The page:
Do you remember the first shiny Tonka toy truck you found under the Christmas tree when you were a kid?
Do you remember how long it took to turn that pristine toy into a demolition derby survivor?
I’ve watched almost every episode, so I understand the basic process behind these restorations, but I wanted a little more detail, so I contacted Chip Channel Restorations and did what I always do at MyStar. I asked questions. The first one was about how the show started so this was the reply.
“I’ve been doing this since January of 2020, it started as an attempt to just get back into a hobby as my life was being consumed by my day job. It was more of a stress management hobby than anything for me and I’ve been excited to see how many people enjoy this hobby as much as I do”.
The next question was obvious. How do you find the projects?
“I look in many places for toys, eBay, Facebook marketplace, local antique shops, swap meets as well as have some donated by viewers, what I’ve unfortunately found out, is that many toys that are listed for sale are in very nice shape, as many people believe the rusty ones just aren’t worth anything, this makes it hard to find projects that truly need to be restored. I actually end up paying a premium for junk toys over nice looking ones just to have content”.
The process is similar in every project, but I wondered what kind of skill level you need to take on these rusty old toys–this was the reply.
“As far as special skills go, I don’t consider anything I do very special, it’s just taking the time to learn the equipment and understand how everything works. Ever since I was little, I have been obsessed with learning, and today you can literally teach yourself anything on the internet for free. If someone has interest in doing something like this, the best advice I can give is to just get started. Everyone sucks in the beginning, just focus on improvement, and keep going”.
You’ll see a lot of spare parts in front of the Chip Channel Restoration wrecking yard, so I asked if there is an inventory of commonly used parts for these projects.
“I do have quite a few parts at my disposal, however it’s just a consequence of the hobby, I don’t intentionally go out looking for spare parts… they just kind of show up. I’m sure this makes sense to all the car guys and collectors. Parts are available for the most common toys, however the parts that are not available make this hobby all the more fun. Looking for spare parts or building parts from scratch keep this hobby interesting, if it was too easy, I would lose interest fairly quickly”.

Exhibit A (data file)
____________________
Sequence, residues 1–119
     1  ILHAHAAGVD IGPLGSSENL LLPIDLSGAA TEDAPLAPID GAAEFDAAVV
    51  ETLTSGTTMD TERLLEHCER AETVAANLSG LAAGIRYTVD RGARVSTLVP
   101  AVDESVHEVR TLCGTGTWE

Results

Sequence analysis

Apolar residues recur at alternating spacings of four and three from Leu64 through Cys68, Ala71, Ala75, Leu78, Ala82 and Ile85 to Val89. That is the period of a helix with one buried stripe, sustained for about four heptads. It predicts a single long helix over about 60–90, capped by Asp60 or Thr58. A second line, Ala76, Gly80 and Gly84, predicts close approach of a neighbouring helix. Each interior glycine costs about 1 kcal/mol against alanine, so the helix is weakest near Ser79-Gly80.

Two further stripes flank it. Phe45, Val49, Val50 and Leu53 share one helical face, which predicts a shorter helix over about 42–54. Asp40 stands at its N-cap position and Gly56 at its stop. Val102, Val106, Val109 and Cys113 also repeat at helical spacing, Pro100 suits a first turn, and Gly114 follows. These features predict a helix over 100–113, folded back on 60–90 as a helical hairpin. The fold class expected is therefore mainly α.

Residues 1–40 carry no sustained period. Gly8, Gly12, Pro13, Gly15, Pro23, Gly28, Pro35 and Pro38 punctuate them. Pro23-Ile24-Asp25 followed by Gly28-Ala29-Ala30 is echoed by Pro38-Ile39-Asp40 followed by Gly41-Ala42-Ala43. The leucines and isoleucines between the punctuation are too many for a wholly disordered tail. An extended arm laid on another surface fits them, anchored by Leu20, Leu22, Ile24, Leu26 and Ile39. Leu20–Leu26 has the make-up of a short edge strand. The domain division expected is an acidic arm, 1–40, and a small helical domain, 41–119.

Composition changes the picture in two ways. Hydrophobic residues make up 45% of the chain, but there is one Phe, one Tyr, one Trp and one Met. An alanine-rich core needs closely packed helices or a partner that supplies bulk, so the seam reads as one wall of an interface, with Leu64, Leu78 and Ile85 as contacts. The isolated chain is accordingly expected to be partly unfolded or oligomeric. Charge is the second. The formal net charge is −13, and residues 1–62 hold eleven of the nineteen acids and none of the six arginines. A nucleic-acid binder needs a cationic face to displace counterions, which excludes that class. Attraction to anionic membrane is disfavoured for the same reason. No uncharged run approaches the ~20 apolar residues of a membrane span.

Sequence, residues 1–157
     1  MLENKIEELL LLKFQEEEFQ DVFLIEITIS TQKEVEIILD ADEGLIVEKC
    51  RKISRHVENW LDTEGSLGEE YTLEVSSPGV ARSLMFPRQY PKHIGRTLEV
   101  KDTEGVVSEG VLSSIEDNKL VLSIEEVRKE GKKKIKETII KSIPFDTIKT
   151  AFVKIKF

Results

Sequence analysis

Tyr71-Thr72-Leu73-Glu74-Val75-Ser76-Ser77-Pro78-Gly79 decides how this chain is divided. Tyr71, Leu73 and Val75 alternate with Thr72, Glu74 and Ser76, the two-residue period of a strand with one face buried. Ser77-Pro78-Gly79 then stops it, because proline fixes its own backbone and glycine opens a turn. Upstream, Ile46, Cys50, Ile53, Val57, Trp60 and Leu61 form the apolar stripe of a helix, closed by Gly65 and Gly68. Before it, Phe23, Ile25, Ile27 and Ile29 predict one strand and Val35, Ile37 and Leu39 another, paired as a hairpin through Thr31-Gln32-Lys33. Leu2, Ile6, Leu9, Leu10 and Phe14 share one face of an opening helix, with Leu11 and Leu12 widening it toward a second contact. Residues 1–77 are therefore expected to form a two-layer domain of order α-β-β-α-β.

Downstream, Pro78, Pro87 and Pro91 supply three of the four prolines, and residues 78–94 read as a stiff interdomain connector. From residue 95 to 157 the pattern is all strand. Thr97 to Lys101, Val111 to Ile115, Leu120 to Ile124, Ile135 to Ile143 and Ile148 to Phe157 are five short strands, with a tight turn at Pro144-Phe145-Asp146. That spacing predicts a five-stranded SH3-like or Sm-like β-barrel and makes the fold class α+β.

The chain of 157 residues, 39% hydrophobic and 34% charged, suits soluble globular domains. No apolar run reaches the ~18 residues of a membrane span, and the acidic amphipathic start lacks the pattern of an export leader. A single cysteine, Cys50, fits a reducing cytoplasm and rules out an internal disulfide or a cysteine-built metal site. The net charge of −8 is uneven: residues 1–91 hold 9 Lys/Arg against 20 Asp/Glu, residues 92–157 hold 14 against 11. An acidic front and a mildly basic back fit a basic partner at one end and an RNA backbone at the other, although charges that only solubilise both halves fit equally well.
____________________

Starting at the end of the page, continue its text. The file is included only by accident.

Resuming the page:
There are some fairly complicated moving parts on these old toys–especially if they are tow trucks or construction vehicles and they have specific, gears, cranks, hooks, tailgates, decals, wheels, and windshields. That pointed me to my next question, so I asked about the details side of these projects.
“I research the model year and accessories on many of these toys just to make sure I list them correctly on my page, many times I’ll search for original magazine advertisements and have been collecting Look Books and newspaper ads. Tonkas are easy and most of the information is available, however Structo, Nylint, Buddy L, Keystone and other brands are a little tougher to find information on. Depending on what I’m looking for there is a wealth of knowledge on Facebook groups dedicated to collecting old pressed-steel toys”.
Car projects can take years, but toys are far less complicated, so I asked how long these Chip Channel Restorations projects take to go from rusty, neglected, and beat-up to mint condition
“An average restoration takes 30-50 hours depending on the shape and size of the restoration. Keep in mind some of this time is inflated due to having to setup camera angles and lighting for each shot, if I had to guess I would say I lose 3-ish hours setting up shots and then I lose another 7-8 hours editing everything together”.
Restorations always increase the value of a rusty old hulk in the world of big cars and trucks, so I asked how much these toys appreciate after they’re brought back to their factory fresh glory. The answer surprised me.
“Unfortunately, many of my projects are worth less after the restoration than before, just due to how collectors are. Luckily these are all for my personal collection, so I’m not worried about their value”.
I wondered how many vehicles were in the Chip Channel fleet so that was my next question.
“To date I’ve posted 76 restorations, originally, I was posting every Sunday for the first year and then backed off to a video every other Sunday for the second year, I’m now contemplating doing a video every third Sunday just to allow some additional time for more detailed restorations”.
My last question was about the toughest restoration done on the Chip Channel.
“As far as toughest job, each of them has their moments that present their own individual challenges, I honestly can’t call one out that I really think was way worse than any others yet, however I’m sure there will be one eventually”.
By: Jerry Sutherland
Jerry Sutherland is a veteran automotive writer with a primary focus on the collector car hobby. His work has been published in many outlets and publications, including the National Post, Calgary Herald, Edmonton Journal, Ottawa Citizen, Montreal Gazette, Saskatoon StarPhoenix, Regina Leader-Post, Vancouver Sun and The Truth About Cars. He is also a regular contributor to Auto Roundup Publications.
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